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How can I help my child buy a house? Options for parents to get their children on the property ladder

How can I help my child buy a house? Options for parents to get their children on the property ladder

Does your child rent or do they own a property?

We say ‘child’, but you know what we mean…

We’d guess there’s a fair percentage of you who would answer ‘rent’ to the question posed above.

And it wouldn’t be a huge surprise if you did.

After all, property prices in the UK, although they’ve largely flatlined due to uncertainty surrounding Brexit, are still pricing many of the so-called Generation Rent out of buying a home.

The average price of a home in the UK in August stood at £234,853 – meaning a first-time buyer deposit of 10% would be just over £23,000.

And with salaries still lagging behind property growth, even being able to borrow enough to purchase their first home is beyond many first-timers.

As parents, however, there are things you can do to gift your children a helpful leg-up on to the first rung of the property ladder.


How to help your children buy a house

A house deposit gift from parents is becoming an ever-more common scenario for first-time buyers.

But it isn’t simply a case of handing over a lump of cash to your offspring – you need to be aware of the tax implications surrounding gifting.

You can gift up to £3,000 a year without either you or your children being liable for inheritance tax and this can be backdated by 12 months.

So, if you didn’t gift your child anything this year, in 2020 you could hand over £12,000 as a couple – a decent sum of money in anyone’s book and around 50% of that average UK first-time buyer deposit mentioned earlier.

However, and this is unfortunately a little morbid, if you die within seven years of your gift, your child could have to pay inheritance tax.

As with anything financial, always seek independent advice before gifting.


Mortgage deposit loan from parents

If gifting isn’t an option for you to help with your child’s property deposit, you could consider loaning them money.

But be absolutely clear: A loan is something that needs to be repaid, otherwise it will be classed as a gift.

Moreover, declaring a gift when it is actually a loan is mortgage fraud, so don’t even think about it.

If you do loan your child money to top up their deposit, you should draw up an agreement that outlines when the loan will be repaid and with what, if any, interest.

Your child’s mortgage lender will also take the loan into account when deciding how much to lend as a mortgage – and this could impact your child’s borrowing potential.


A guarantor mortgage

If your child is renting, they may well have come across the term ‘guarantor’ before.

And it’s essentially the same when buying a home as it is for renting one.

The lender will assess the amount your child wishes to borrow against your income and / or assets and whether they cover the loan amount.

Essentially, a guarantor mortgage means you would liable for mortgage payments should your child miss any – and this could add an further layer of risk if you still have a mortgage on your own home, so should be considered carefully.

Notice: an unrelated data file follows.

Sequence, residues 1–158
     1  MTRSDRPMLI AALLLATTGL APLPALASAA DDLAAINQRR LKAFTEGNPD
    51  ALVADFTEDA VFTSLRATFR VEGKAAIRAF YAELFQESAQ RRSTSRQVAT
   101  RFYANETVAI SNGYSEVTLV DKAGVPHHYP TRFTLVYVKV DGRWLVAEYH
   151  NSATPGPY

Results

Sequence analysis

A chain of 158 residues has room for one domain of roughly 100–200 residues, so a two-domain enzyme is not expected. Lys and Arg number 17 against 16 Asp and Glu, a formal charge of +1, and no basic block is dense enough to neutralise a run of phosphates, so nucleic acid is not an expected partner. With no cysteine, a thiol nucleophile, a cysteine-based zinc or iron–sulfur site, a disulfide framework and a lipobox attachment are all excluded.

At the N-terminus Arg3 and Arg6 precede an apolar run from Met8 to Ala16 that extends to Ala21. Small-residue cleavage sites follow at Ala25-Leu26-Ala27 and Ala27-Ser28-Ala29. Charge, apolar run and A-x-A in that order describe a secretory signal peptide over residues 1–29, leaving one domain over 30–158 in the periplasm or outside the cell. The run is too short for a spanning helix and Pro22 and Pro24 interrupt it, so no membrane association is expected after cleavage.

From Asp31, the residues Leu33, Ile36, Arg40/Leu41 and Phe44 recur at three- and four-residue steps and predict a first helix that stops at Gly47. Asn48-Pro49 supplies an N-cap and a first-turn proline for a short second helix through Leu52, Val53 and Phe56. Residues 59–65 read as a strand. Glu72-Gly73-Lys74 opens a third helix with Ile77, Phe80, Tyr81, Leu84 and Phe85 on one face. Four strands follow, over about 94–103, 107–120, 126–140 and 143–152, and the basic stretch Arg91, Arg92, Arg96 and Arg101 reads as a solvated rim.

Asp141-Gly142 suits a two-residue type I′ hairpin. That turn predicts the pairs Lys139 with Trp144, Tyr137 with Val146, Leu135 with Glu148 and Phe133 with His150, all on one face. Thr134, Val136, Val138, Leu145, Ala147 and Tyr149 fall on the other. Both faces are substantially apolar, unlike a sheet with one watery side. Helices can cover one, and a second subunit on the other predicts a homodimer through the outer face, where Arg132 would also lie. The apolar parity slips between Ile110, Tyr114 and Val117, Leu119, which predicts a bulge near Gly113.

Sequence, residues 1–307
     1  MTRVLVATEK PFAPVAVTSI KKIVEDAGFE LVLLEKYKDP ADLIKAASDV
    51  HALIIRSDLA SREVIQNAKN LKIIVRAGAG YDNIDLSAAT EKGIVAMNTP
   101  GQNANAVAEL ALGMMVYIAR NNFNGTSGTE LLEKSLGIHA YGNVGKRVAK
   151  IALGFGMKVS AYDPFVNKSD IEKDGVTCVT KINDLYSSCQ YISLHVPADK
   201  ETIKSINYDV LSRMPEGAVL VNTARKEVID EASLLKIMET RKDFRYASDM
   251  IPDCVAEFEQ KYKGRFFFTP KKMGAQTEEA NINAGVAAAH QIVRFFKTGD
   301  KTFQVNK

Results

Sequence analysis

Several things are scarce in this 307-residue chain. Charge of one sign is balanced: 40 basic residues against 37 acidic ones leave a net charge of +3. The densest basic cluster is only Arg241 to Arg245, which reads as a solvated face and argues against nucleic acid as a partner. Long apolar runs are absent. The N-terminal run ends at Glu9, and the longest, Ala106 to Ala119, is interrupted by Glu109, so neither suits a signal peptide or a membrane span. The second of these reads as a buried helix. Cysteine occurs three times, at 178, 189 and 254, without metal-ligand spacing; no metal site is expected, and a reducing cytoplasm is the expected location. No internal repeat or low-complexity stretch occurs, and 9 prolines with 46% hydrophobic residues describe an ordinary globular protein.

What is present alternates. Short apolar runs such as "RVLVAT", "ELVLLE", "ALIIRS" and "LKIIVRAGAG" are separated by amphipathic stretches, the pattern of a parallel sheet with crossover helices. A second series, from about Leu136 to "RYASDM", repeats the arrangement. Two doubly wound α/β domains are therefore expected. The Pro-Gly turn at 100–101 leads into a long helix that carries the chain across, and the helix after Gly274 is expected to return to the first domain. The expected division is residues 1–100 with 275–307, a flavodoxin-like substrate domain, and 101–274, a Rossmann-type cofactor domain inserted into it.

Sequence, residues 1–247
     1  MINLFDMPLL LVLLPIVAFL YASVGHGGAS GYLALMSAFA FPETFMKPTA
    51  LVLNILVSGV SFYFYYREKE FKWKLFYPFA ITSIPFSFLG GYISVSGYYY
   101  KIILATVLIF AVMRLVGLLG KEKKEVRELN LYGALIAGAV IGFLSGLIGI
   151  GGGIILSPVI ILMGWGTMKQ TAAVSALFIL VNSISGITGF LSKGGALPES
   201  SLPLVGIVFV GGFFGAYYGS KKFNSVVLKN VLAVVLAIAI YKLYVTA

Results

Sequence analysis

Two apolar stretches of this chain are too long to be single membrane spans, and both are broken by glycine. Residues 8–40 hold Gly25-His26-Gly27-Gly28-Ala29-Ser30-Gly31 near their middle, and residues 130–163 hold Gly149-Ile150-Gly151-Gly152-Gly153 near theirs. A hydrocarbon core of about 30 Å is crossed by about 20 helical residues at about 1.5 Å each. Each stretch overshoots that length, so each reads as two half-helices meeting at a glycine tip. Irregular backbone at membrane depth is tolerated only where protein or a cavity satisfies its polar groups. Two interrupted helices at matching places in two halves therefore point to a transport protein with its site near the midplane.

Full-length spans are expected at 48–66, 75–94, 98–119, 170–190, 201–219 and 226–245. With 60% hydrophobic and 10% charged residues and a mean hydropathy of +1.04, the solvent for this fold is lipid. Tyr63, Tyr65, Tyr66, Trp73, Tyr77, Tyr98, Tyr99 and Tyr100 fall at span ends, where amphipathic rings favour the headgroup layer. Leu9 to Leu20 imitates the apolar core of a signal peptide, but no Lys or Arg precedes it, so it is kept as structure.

A joint mortgage

Some parents opt for taking on a joint mortgage with their child if they are still working.

But again, this is not without its risks.

If you own your own home, you could be liable for a 3% stamp duty surcharge as the property would be classed as a second home even though you wouldn’t be living there.

And as the property would be classed in that way, you could also be liable to pay capital gains tax on any profit when the property is sold.

You’d also be liable for the mortgage payments, too, if your child went into arrears.


Remortgaging your own home

Another option for you as a parent is to release funds from your own property by remortgaging and gifting or loaning your child a deposit.

However, if you are nearing retirement, this is almost certainly a bad idea and most lenders would view it as such – before refusing.

Even if you’re still working and not near retirement age, you should consider the additional interest you would pay by remortgaging, not to mention the fact that, should you struggle to meet repayments, your home would be at risk.

Always seek independent financial advice before even considering this option.


Tips when helping your child buy a house

  • Make sure your child is fully aware of the terms of any cash assistance and whether it’s a loan or a gift
  • Draw up an agreement if you loan your child money and speak to a solicitor about making it legally binding.
  • Keep communicating. Tell your child to let you know if they are struggling to meet mortgage repayments, so you can help.


If your child is looking for their first home why not take a look at the wide range of properties we have for sale right now

Want more advice? Get in touch with your local Whitegates office today and we would be happy to help.